Description 1 of 2

Barolo, a.k.a. “The king of wines, the wine of kings” is perhaps the most prestigious wine produced in Italy, in the Piedmont province. It’s based on the Nebbiolo grape, which is notoriously difficult to grow. In fact, the earliest Barolos (documented as far back as the 13th century) were produced in a sweeter style, with more residual sugar due to the winemakers’ lack of control over the cooler regional temperatures. The fermentation process would halt too early under the frigid conditions, and the lack of proper yeasts would bring up the alcohol and sugar content. But for centuries, everyone seemed to be OK with this. 

The name most likely derives from the Celts, who dwelled in the region in ancient times and referred to it as “bas reul,” low-lying place. In the Medieval age it was called Villa Barogly, and then by 1600, Barrolo or Barollo. Eventually the single “r” and “l” spelling came about, probably to avoid further argument. Speaking of arguments, this region, like much of Italy, went through several disputed ownerships through the centuries, from the Romans, the Lombards and the Saracen invaders. Some time during the rule of King Berengarius I in the 9th and 10th centuries, the foundation of Barolo’s famous castello was constructed. During the 13th century, the Falletti family took it over and brought it to its formal glory. 
But it was not just the castle that was brought to glory by the Fallettis. In 1843, Count Camillo Benso of Cavour, the mayor of Grinzane, invited celebrated French oenologist Louis Odart to come to Grinzane’s cellars and try to make improvements on his wines. Cavour’s good friend, Giulia Vittorina Colbert de Maulévrier, better known as the Marchesa Falletti, then asked Odart over to castello Barolo to see if he could do anything for her wines. It was Odart who identified the temperature control problem, and suggested using different yeasts. Velato! Modern day dry Barolo was born and the wines became a huge success, thanks to the marketing efforts of the Marchesa Falletti and her protoge Pietro Emilio Abbona. 
Beginning in 1908, Barolo production became limited to the communes Barolo, La Morra, Castiglione Falletto, Serralunga d’Alba and Monforte d’Alba with the subzones Diano d’Alba, Grinzane Cavour, Novello, Cherasco, Roddi and Verduno. Different microclimates figure into the growing conditions and characteristics of the Barolos from each zone. Castiglione Falletto is often the most rounded and approachable, though still structured for aging potential. La Morra wines are considered softer and the most aromatic while those from commune Barolo are more robust and layered with earthiness. Monforte d’Alba is considered the most intense and concentrated. Some of the wines, such as Serralunga d’Alba are more tannic upon release and require significant cellar aging before the wine shows its true potential. In general, a good rule of thumb for Barolos is a prolongued period of cellar aging, sometimes 10 or more years before consumption, and most of them can last for many decades.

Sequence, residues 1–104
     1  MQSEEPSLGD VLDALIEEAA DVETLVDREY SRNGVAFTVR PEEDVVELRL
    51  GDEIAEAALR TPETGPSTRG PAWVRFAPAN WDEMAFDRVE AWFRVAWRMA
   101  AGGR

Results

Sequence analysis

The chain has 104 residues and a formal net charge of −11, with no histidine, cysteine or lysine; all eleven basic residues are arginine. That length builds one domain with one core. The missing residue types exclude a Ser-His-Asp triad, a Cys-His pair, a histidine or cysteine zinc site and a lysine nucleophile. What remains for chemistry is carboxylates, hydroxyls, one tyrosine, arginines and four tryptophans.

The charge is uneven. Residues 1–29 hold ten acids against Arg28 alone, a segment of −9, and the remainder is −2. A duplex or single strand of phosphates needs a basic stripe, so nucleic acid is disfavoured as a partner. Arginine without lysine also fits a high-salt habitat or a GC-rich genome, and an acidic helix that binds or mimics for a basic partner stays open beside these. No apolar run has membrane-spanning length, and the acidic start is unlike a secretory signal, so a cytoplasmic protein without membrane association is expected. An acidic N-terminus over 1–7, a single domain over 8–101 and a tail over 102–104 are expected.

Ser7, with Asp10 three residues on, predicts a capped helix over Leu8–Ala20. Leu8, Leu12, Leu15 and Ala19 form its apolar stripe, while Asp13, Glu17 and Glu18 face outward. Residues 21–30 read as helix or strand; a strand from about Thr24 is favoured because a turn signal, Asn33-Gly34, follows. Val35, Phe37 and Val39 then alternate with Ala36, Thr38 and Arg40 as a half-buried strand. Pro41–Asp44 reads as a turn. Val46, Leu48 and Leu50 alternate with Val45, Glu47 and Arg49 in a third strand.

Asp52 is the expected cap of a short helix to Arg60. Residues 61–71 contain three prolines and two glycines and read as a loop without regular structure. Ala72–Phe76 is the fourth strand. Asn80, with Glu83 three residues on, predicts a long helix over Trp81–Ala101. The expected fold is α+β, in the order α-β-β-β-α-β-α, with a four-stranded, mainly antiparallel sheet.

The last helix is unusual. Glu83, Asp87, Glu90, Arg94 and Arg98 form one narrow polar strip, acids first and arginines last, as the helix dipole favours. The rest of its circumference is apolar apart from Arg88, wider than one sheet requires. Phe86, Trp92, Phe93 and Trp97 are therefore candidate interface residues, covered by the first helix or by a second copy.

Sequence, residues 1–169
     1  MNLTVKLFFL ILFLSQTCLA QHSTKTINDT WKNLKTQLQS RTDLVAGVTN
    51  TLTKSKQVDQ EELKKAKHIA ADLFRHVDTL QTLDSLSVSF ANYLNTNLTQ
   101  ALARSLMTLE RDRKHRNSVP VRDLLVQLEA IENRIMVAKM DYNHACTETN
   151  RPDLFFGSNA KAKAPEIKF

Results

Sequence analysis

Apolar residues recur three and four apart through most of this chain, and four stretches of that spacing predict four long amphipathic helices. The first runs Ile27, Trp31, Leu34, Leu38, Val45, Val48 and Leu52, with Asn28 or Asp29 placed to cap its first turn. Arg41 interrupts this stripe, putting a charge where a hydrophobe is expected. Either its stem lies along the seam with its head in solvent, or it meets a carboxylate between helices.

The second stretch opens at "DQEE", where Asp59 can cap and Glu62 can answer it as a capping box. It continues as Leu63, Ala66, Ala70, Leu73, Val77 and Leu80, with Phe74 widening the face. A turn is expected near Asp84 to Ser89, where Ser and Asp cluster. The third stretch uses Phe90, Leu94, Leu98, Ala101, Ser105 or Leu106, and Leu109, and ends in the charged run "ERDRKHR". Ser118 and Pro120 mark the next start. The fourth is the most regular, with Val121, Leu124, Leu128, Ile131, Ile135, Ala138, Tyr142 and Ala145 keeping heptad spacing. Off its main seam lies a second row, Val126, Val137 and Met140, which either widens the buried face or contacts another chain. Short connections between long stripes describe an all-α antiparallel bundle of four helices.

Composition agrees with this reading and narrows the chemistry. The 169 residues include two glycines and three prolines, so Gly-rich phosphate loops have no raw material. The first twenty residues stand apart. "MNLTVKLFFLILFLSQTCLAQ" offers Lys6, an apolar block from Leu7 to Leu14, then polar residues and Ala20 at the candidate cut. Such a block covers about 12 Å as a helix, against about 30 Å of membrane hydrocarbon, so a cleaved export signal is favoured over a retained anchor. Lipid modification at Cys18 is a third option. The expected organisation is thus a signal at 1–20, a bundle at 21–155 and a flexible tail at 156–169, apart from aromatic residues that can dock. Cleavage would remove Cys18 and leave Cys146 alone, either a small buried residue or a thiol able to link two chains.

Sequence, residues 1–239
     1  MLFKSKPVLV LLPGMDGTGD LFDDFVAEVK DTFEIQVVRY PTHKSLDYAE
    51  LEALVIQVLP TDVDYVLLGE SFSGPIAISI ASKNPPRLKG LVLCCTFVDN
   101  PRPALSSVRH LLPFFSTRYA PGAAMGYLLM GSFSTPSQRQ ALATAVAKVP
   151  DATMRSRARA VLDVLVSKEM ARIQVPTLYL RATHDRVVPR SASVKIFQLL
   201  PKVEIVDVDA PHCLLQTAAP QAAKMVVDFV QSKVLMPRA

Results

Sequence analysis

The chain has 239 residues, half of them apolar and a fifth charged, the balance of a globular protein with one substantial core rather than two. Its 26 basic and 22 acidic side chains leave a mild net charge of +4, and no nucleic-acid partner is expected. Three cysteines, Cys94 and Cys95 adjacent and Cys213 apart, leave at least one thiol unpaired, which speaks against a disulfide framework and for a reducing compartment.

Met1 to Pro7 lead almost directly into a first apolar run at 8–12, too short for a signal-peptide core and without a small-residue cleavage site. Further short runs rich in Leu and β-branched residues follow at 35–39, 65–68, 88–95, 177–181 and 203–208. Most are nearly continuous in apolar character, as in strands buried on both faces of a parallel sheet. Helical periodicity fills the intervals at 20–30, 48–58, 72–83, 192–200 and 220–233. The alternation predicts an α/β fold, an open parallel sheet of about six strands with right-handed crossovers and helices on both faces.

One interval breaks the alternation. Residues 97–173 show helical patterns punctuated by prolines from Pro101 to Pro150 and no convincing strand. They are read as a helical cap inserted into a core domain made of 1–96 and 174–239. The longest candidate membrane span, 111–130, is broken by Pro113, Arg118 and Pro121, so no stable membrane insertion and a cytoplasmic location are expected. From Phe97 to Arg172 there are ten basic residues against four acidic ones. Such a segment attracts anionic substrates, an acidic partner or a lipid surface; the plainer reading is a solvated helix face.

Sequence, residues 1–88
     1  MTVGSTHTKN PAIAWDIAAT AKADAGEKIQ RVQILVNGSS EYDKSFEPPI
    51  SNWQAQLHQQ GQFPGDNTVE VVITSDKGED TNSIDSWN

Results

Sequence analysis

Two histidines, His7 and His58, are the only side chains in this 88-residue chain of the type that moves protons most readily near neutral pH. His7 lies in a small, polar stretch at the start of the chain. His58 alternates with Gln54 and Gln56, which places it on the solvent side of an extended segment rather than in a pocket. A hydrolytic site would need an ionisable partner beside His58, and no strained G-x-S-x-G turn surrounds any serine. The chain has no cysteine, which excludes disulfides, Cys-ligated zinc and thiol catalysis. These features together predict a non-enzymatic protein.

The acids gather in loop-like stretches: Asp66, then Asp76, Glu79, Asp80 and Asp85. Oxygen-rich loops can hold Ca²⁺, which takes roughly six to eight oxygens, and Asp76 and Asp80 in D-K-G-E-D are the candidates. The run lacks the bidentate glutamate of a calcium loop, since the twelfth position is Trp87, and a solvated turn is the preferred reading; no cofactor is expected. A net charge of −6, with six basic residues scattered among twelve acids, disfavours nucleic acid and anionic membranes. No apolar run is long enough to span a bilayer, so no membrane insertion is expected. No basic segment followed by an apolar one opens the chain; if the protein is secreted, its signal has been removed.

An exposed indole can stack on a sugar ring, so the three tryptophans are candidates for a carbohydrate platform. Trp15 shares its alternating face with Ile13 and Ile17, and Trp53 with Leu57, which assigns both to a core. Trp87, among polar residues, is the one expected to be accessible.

Barolo became a DOC in 1966, and elevated to DOCG in 1980. To be labeled as Barolo, the wine must be aged a minimum of 3 years, with two required in oak. Riservas are aged 5 years before release. The aging is required to begin starting January 1st after harvest. The minimum allowable ABV is 13%, but most are over 14%. 
Nebbiolo grown in the Barolo zones tends to ripen later than in neighboring Barbaresco. This translates to more tannic wines with a heavier weight. In recent years, certain producers have taken to altering the aging requirements and adding blends of other grapes such as Arneis and Barbera to soften the wines and allow them to be more drinkable upon early release. Hence a struggle between traditionalists and modernists known as the “Barolo Wars.”
In addition, certain Barolo vineyards have been elevated to the status known as Italian “Crus” similar to those in Burgundy, started with the efforts of wine-maker Renato Ratti. A layout of these locations has come to be known as the “Ratti Map.” Cannubi, Sarmazza, Brunate, Rocche, Monprivato, Lazzarito and Ginestra are all in this ranking, to name a few. ~Amanda Schuster
– Description from Amanda Schuster

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Description 2 of 2

Barolo is arguably Italy's most important wine. A 100% varietal pure wine made with the indigenous Nebbiolo grape, it shares certain traits with France's great Burgundy. Both wine are made from fickle grapes, Nebbiolo arguably more fickle since Pinot Noir, the grape of Burgundy, has been successfully cultivated around the globe while Nebbiolo remains a success within a small swath of hilly terrain, in the north of Italy. In addition the finest examples age into beguilingly ethereal, perfumed masterpieces. Nebbiolo has and retains more tannin than Pinot Noir but the similarities between the two wines are striking. It is said all wine lovers paths lead to either Barolo or Burgundy and that may very well be true. – Description from Gregory Dal Piaz

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